I have a dream of a future that is very unlike my current situation. One where I live in a hot country during the winter months in England. I live off my passive income from being an online blogger and enjoying the freedom that comes from living in ‘paradise’.
Getting from where I am now to where I want to be becomes the tricky bit (without help) because there are forces that will align against me. Being fully aware of what these forces are is an important step because I can stop them from stopping me.
I choose to acknowledge their potential presence and get ready to “fight” these psychological forces (which are all self-inflicted) with the aim of achieving my dream.
Deciding to reinvent myself in midlife goes against my natural instincts. There will be a part of me desperate to keep the status quo and another part wondering if I have left it all a little too late.
To get myself through all of that I have to focus very much on my future self. The travel buff, boho wanna be hippie who is healthy and who has a zest for living abroad during the cold English winters.
Holding on to the right future
With so much going on in day to day life it can be difficult to focus on the future. I know now (midlife wisdom perhaps) how important visioning the future is (while still being very much in the present moment) to experiencing success.
I also know doing that means I will avoid chasing one dream after another, or chasing dreams that I thought I wanted only to find out I really don’t want them.
I have also been known to quit after a few years of pursuing something just when I probably needed to work harder and persist.
It is so easy to end up feeling unfulfilled in midlife. I know I have been for the past 7 years until December 2013 when I decided it was time to make a change, starting with my health in March 2014.
With age I have found that persistence is the key to getting what I truly want and this dream of mine to live in a hot country has been around for over 10 years. It has never changed and I still really want to travel.
My health was my biggest issue and I am working on that now and so is my income. The passive income I wanted to develop so I can work, travel and still earn a living is what I am focusing on now in 2016.
The great thing about living in the developed world is there is always an opportunity for self-reinvention no matter what our age. Self-reinvention in midlife really is possible.
Look at Earnest Shepherd who was in her 50’s when she started weight lifting and became a champion in her age group in her 70’s.
Fauja Singh ran his first UK marathon at age 89 and continued running until he was 101 years old.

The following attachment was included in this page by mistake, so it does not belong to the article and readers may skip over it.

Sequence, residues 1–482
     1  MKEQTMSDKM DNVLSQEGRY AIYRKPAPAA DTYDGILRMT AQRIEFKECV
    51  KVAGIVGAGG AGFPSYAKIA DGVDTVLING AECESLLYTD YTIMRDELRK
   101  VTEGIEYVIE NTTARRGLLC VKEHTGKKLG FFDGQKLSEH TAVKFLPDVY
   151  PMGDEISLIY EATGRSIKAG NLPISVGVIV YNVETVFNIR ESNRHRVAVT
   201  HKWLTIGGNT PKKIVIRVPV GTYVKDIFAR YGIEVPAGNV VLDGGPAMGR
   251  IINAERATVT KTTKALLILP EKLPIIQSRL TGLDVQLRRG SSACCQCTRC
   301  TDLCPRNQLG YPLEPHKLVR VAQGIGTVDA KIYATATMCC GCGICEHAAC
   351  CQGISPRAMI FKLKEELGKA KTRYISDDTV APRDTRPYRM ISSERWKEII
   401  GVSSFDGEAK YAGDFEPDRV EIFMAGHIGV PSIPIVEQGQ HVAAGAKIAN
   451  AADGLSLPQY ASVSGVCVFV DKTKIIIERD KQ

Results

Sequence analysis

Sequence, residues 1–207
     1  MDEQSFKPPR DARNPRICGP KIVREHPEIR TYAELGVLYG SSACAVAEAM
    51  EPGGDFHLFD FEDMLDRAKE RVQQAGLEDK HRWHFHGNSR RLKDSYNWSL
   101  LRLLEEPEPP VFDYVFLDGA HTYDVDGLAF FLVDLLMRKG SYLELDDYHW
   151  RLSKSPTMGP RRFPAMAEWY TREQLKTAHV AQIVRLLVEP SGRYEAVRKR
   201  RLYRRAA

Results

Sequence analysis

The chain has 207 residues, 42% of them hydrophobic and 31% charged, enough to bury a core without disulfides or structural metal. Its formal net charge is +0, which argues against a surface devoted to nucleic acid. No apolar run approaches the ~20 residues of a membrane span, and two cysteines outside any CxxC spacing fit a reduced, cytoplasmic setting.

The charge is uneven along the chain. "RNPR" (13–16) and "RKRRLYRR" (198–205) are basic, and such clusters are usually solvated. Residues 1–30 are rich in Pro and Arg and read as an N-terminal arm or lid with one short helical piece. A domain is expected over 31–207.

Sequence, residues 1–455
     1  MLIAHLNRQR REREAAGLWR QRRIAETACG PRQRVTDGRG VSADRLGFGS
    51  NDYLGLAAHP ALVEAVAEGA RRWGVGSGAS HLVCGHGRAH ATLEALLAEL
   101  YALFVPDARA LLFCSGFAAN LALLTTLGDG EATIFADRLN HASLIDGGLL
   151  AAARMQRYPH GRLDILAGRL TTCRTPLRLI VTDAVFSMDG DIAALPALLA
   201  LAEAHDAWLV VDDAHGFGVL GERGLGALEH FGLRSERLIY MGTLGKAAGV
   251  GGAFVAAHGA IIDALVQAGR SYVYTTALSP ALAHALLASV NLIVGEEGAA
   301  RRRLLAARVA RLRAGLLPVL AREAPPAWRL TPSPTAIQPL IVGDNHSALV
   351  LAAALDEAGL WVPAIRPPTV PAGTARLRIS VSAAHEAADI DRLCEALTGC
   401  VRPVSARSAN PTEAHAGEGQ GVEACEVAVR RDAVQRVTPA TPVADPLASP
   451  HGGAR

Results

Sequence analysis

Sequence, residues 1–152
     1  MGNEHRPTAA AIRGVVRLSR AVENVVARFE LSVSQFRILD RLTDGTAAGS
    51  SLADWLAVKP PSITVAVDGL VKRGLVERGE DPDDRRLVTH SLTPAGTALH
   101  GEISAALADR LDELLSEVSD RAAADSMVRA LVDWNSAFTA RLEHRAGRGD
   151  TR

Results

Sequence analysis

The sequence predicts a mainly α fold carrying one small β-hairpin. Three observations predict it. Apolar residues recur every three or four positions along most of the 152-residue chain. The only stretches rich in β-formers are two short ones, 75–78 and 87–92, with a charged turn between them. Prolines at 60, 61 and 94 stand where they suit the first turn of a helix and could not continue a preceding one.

People are made redundant in their late 50’s and early 60’s or retire early, then go on to run a successful business that makes them very wealthy.
Personality change is possible at any age and age is no longer a valid excuse not to change. Believing we are stuck with who we are or what we have in midlife is limited thinking and really not true.
The trick to success though is to chase a dream that will make us happy. How many times have you thought to yourself that you really want something only to feel unfulfilled within days of having achieved it?
It is really easy to get stuck chasing a dream that won’t end up making us happy so finding out what will is the key to success.
Another important step is to accept that it can take time to reach a goal.
That is something I never did in the past but have been willing to do with my weight loss and my desire to get fit. Focusing on losing 1lb a week and exercising towards fitness is a far more mature way of handling my health than I have ever tried in the past. In the past I wanted it all to happen yesterday.
Forming long-term goals
The trouble with not having long-term goals is it can be real easy to just focus on the day to day stuff and never get around to actually achieving anything.
Since the recession started in 2007 and me having to sell my home in 2009 I spent a lot of time just focusing on the day to day stuff – finding work (and money), answering emails, cleaning and cooking.
Getting round to even thinking about goals was impossible for me as I fought to just survive the day.
Sometimes wondering what my children and I will be eating that day (as money was so tight) was all I could think about. As I got through that period and was able to supply my immediate needs things changed.
The focus on my health became my first long-term goal in a while in 2014.
It gave me a sense of purpose and that restless unfulfilled feeling went away for a while, but it was still not strong enough to get rid of it completely. Now getting back to figuring out how to live my dream of travel and living abroad is also back as a long-term goal.
I am once again excited about life and ready to make change happen.
It is important to me that my site zestizm.com highlights my own journey towards change, transition and transformation – not just me talking about what you need to do to make a change in midlife.
In the next article on re-inventing myself I will focus on how to take yourself through re-invention.